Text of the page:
Histadrut Labor Federation chief Amir Peretz went to the Jerusalem Mall in Malha on Thursday morning, but the only thing he was shopping for was votes of Labor members ahead of the November 9 party primary.
An entourage of Labor supporters, including MKs Yuli Tamir and Ilana Cohen, followed Peretz around the mall as he shook hands, kissed babies and smiled for cameras. The visit was part of a national whistle-stop tour that also took Peretz to Tiberias and Acre on Thursday and will end on Friday with a visit to Tel Aviv's Carmel outdoor market.
As Peretz walked around the mall, fathers came up to him with their children and promised to vote for him. David Golenzer of Jerusalem approached Peretz with an outstretched hand and introduced himself and his three-year-old daughter Alona. "This is Amir Peretz, the next prime minister of Israel," Golenzer told Alona.
Golenzer said he was a former Labor member and that he would rejoin the party should Peretz be elected. He told Peretz that his vote was especially important because every candidate he has ever voted for has emerged victorious.
However, in a bad sign for Peretz, he finished fifth in a Shvakim Panorama poll of Labor voters broadcast on Israel Radio on Thursday, finishing behind incumbent Shimon Peres, ministers Binyamin Ben-Eliezer and Matan Vilna'i, and "none of the above."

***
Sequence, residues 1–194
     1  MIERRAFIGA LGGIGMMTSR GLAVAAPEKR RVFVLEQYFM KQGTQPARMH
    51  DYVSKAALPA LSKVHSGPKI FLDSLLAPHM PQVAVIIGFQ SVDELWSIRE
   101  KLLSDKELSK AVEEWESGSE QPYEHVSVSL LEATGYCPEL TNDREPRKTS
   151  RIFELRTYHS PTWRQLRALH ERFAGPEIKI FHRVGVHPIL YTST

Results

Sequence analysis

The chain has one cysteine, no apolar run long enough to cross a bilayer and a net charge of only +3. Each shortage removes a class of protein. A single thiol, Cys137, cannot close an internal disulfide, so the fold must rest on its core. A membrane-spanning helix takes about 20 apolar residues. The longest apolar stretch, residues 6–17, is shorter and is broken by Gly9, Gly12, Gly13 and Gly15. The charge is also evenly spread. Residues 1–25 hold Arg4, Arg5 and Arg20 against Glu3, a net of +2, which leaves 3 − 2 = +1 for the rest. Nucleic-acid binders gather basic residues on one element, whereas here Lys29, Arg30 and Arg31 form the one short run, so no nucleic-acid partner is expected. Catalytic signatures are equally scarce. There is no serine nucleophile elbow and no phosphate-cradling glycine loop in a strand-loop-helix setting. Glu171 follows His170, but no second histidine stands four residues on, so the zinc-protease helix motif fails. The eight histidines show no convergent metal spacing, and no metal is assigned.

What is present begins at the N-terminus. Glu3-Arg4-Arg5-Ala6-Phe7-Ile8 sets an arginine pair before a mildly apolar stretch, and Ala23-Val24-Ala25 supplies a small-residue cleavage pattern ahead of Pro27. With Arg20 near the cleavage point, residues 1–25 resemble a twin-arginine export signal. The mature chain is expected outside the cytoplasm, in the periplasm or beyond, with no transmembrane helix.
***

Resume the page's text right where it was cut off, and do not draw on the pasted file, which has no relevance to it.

Peretz went to the mall's food court, where he made small-talk with falafel vendors and introduced himself to children who had never heard of him. He made election promises to a man named Avi Peretz (no relation), who came up to him and complained that the mall was staffed by young people paid minimum wage with no benefits.
The candidate's staff got excited when a former teacher named Moshe Peretz (again no relation) approached Peretz with a smile and told him that he would vote for him even though he is a Likud central committee member. Peretz invited Peretz to the fried chicken restaurant he owns in the food court, where he fed him French fries and hash browns.
"You're a man of the people, I respect you, and I will vote for you," Peretz told the candidate in front of the television cameras.
But after Amir Peretz left the mall, the restaurateur's wife admitted that her husband, who once ran for mayor of Ofakim, would never vote for any party other than the Likud and that he doesn't believe Peretz stands a chance in the primary against Peres.
She revealed that Peretz's political adviser, who attends law school with her son, called up the restaurant in advance and asked her husband to help Amir Peretz put on a show for the cameras.